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Waking up in a generic, chain hotel might be comfortable and functional, but it’s also often utilitarian and uninspiring. Often, you could be anywhere in the world, surrounded by a blank canvas that has little to do with the soul of the place where the hotel is located.

That’s not the case at hotels conceptualized and designed by Elder & Ash, a full-service, boutique design firm that creates bespoke hotel experiences that immerse travelers in their destinations with a carefully honed and deeply understood sense of place.

“We believe that the hotel stay is as important a part of a travel experience as everything you’re doing on your trip,” says Rob Blood, who is co-principal and co-owner of Elder & Ash along with his wife, Megan Kennedy. “Rather than just providing a bed for people to sleep in…we want to be part of an immersive experience, and you can’t really create an immersive experience without being part of the location you’re in.”

It’s thanks to that thoughtful and creative vision that the Amesbury-based creative design studio was named 2023 Design Firm of the Year by Boutique Design Magazine

“By tying our design to location—sometimes in unexpected ways and sometimes in overt ways—we allow people to experience twenty-four hours a day in the place that they’re traveling to,” Blood says. “Our hope is that people choose to come to the locations where we are because we have hotels there, that they make that a cornerstone of their choice.”

Blood and Kennedy know the ins and outs of thoughtful, immersive hospitality firsthand: They are hoteliers themselves. In addition to helming Elder & Ash, they’re also the creative team behind Lark Hotels, where Blood is founder and president and Kennedy is creative director. It’s that experience working in hotels together that led them to start Elder & Ash seven years ago.

Elder & Ash is more than just an interior design firm, though. It’s a full, creative studio that help to shape hotel concepts and experiences in nearly every way, from the interior design, to menus, music, lighting, programming, and people. That extensive, hands-on service is really important for clients, especially those who might just be starting out in the hospitality business.

“It’s a full, immersive experience that we provide,” Kennedy says. “We know what it takes to operate a hotel.”

Blind Tiger, Asheville, N.C.

In 2023 alone, Elder & Ash debuted several properties, including the Bluebird Cady Hill Lodge in Stowe, Vermont, and two new locations of Blind Tiger properties in Burlington, Vermont, and Asheville, North Carolina, which are part of the Lark Hotels family.

Elder & Ash’s immersive approach doesn’t only apply to the services that it provides to the hotels that it works with. It’s also evident in the guest experience, too. Blood, Kennedy, and their team spend significant time in the places where they work to be sure they’re incorporating the true atmosphere and character of a destination into the hotel’s design.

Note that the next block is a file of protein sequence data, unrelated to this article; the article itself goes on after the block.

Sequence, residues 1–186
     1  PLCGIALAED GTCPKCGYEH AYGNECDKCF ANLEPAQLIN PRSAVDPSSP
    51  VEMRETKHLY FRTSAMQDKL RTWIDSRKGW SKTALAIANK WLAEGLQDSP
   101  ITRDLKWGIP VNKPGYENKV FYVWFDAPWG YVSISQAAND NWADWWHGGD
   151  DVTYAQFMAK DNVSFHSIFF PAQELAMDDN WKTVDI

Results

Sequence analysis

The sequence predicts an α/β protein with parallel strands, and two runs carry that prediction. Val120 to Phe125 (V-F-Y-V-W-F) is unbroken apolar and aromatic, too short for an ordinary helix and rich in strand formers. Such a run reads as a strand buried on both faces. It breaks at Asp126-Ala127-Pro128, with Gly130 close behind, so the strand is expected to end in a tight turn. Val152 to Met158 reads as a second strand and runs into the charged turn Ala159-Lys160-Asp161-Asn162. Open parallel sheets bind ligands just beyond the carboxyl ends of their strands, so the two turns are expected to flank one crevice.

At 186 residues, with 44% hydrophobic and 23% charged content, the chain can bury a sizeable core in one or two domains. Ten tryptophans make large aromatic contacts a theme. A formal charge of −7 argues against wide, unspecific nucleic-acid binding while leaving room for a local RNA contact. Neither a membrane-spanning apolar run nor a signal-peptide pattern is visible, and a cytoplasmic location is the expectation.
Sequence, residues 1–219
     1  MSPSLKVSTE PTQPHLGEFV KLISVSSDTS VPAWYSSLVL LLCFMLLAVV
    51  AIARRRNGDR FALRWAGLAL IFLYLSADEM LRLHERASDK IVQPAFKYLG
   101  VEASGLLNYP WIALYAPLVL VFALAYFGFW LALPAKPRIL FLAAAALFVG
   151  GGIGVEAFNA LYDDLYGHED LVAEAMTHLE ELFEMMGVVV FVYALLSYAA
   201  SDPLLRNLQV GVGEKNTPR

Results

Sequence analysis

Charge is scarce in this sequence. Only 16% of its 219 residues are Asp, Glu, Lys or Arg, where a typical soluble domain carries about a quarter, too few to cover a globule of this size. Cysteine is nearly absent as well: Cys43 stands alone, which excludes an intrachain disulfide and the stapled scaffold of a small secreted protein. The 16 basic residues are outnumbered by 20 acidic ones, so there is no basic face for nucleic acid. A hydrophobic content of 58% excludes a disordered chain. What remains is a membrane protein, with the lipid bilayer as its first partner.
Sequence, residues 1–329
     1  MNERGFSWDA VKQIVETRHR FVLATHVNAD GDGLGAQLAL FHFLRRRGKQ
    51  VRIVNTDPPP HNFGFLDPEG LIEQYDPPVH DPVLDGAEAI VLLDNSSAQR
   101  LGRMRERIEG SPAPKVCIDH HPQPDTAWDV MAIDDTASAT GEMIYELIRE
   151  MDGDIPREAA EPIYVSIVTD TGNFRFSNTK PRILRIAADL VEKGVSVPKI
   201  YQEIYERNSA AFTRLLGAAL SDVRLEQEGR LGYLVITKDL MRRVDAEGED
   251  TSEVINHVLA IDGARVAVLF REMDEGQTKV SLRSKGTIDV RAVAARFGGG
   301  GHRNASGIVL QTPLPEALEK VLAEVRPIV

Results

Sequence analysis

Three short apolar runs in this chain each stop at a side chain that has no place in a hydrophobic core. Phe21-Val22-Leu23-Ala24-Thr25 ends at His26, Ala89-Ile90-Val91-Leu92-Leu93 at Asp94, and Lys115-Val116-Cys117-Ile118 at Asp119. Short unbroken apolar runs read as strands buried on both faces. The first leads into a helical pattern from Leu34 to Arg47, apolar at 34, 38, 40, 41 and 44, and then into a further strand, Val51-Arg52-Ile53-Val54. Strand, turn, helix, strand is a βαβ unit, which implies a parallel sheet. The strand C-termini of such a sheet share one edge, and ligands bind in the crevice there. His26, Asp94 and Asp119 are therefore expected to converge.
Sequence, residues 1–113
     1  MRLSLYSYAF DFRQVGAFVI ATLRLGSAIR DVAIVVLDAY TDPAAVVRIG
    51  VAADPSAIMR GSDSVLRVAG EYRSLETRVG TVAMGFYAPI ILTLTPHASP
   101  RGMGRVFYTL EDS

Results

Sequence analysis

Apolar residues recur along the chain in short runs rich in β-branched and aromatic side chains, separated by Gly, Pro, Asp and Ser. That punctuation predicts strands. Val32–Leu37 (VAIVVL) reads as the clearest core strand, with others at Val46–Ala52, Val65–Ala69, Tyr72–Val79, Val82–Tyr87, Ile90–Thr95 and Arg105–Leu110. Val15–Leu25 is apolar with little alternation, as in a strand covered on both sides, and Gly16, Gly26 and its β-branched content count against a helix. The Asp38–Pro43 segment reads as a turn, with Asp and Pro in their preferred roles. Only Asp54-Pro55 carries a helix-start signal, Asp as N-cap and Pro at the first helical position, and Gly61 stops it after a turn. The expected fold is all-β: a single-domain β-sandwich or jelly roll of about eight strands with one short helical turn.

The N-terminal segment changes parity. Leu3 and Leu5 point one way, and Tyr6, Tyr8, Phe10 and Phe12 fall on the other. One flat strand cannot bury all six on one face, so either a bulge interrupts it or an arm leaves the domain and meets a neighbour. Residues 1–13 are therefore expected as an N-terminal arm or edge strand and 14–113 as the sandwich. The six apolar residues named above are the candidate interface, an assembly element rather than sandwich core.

For instance, Kennedy notes that Asheville, North Carolina, has an “incredible arts community, but is also very, very nature-focused and outdoorsy,” and that’s reflected in the interior design for that Blind Tiger property.

“The mantra was ‘art that is nature, and nature that is art.’” she says. The team imagined how a local who loved art and nature would want to live and what pieces they’d surround themselves with, from wood stump tables, sculptural-looking wood furniture, and wallpapers that express the street art that’s so prominent in the city.

There’s a totally different atmosphere and experience at Bluebird Lake Placid in New York, located in the Adirondack Mountains. There, the team used Scandinavian and Japanese design influences to “tell the story of a hotel in the heart of an Alpine village” while differentiating it from other hotels in the area, which lean heavily into the heavier, darker and more traditional Adirondack lodge look, Blood says.

AWOL Provincetown, Mass.

“By keeping the rooms minimal, we were able to highlight the best feature of the property which is the amazing views of Mirror Lake,” Blood says.

They also drew upon Adirondack tradition and built a two-story great room-style lobby that highlights the views and the region’s natural materials, with wood-clad walls and ceilings, wood and fieldstone flooring, and fire elements incorporated throughout the public spaces.

In 2024, Elder & Ash will open AWOL Stowe in Vermont and reveal full property redesigns at three additional Lark Hotels: 76 Main in Nantucket, and The Hotel Portsmouth and Ale House Inn, both in Portsmouth, New Hampshire.

AWOL Provincetown, Mass.

The Hotel Portsmouth, for instance, will be renovated throughout the winter as a “modern Americana retreat” that draws on Portsmouth’s history and takes inspiration from the iconic American designers Ralph Lauren and Jonathan Adler, with bold reds and blues, plaids, and geometric patterns.

Whether it’s working with hoteliers or deeply immersing travelers in a location, Elder & Ash provides the same service. 

“People come to us when they want a very bespoke experience,” Kennedy says.